• Angela Anthony , Rubius Therapeutics: “Never, not for one moment, doubt your ability or right to be in that class, degree programs, or role. Women are making strides each day to forge ahead in the STEM fields, each one of them a promise for generations to come. One day, you’ll look back on the path that you have taken and see the women following the footprints you yourself have left behind.”
  • Dana Ledue, Senda Biosciences: “My advice is speak up. Don’t be afraid to ask questions, share ideas, and advocate for yourself. Challenge yourself and those around you because what might seem like the most daunting tasks or questions could lead to the greatest discoveries. Lastly, make connections wherever you go.”
  • Thais Nascimento, Senda Biosciences: “It is necessary to go against the grain. There will be a lot of challenges in an industry that is not designed for women, but the rewards are greater than the challenges.”
  • Amy Muse, Seres Therapeutics: “Follow your passion, believe in yourself, seek a mentor, and don’t let anything get in your way.”
  • Jennie Starr, Seres Therapeutics: “We are privileged in STEM to be able to change lives for the better. So be bold, disrupt, be curious, and lead. Don't wait to be told you can; step up and make it happen.”
  • Katie Schneider, Sigilon Therapeutics: “Don't be afraid to try something new or different career-wise. Every opportunity is a chance to learn new and interesting skills!”
  • Priya Sothiselvam, Tessera Therapeutics: “Be fearless and go where your heart takes you even if it is the road less taken. Learn to speak up and don’t shy away from standing up for yourself and what you believe in. If it is something you are truly passionate about, don’t give up!”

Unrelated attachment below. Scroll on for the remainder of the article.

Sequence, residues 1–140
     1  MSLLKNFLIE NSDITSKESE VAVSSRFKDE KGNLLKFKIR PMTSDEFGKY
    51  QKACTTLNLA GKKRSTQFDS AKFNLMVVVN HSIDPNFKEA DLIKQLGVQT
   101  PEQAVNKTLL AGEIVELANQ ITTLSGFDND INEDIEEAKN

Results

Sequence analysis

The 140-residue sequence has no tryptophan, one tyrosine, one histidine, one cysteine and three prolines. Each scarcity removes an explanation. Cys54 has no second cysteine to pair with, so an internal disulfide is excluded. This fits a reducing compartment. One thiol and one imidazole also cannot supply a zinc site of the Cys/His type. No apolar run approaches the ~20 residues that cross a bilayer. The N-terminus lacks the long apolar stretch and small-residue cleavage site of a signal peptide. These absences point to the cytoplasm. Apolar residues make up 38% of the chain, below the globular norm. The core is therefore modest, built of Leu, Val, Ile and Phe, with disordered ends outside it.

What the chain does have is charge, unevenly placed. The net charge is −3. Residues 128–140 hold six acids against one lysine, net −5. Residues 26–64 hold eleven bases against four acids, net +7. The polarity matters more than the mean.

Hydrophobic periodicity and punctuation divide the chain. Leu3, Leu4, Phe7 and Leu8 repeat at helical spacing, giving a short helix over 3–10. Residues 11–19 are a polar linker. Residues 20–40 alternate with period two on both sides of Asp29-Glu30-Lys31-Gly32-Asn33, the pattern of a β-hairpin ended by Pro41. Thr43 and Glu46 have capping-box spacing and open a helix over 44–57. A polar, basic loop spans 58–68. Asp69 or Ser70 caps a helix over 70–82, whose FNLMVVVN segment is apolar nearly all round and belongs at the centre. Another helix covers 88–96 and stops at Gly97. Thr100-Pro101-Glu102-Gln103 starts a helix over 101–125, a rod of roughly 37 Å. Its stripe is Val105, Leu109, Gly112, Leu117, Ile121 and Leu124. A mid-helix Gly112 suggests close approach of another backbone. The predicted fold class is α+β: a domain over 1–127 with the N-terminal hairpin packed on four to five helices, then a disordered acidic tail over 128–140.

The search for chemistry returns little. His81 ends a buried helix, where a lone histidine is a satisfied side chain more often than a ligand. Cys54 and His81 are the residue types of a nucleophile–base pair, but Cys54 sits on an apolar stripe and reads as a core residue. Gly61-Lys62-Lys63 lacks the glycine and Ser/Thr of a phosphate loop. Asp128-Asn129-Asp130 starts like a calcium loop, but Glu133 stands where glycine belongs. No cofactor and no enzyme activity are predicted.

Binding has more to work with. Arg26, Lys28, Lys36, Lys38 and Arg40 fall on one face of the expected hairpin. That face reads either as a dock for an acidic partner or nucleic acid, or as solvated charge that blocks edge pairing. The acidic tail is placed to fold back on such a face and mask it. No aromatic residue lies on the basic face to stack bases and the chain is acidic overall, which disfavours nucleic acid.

• Jessica Sadick, Ph.D., Valo: “Ask questions! Your viewpoint, experience, and input are invaluable throughout all stages of your career. Asking questions and engaging in discussion will expand your scientific, technical, and professional understanding, while fostering an environment where colleagues are inspired to ask their own questions.”
  • Jessica Wakefield, YourBio: “To rise as a young woman in this space, it’s crucial to build up your confidence and stand up for yourself. If you have an idea or observation, speak up, as diversity of thoughts are often the key to solving complex problems in the industry. It is also important not to shy away from owning how important your contributions are; that is essential to your personal brand and reputation as a scientist.“
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Believe in yourself.


  • Alison Schecter, M.D., Axcella Therapeutics: "Believe in yourself. Trust your instincts. Reach deep into your toolbox and use and value of all your talents – beyond technical ability.If you think out of the box, be unafraid to entirely re-imagine the box, or even make a circle. Bring to the table your feminine strengths: being intuitive, building emotional connections, and striving for self-actualization."
  • Jenette Ashtekar, Ph.D., CIBO: “My advice to women pursuing a career in STEM is to be confident in your capabilities and the value you bring to the table. Just because you are in the minority doesn’t mean you don’t belong. Be bold, be confident, and know that you're right where you should be.”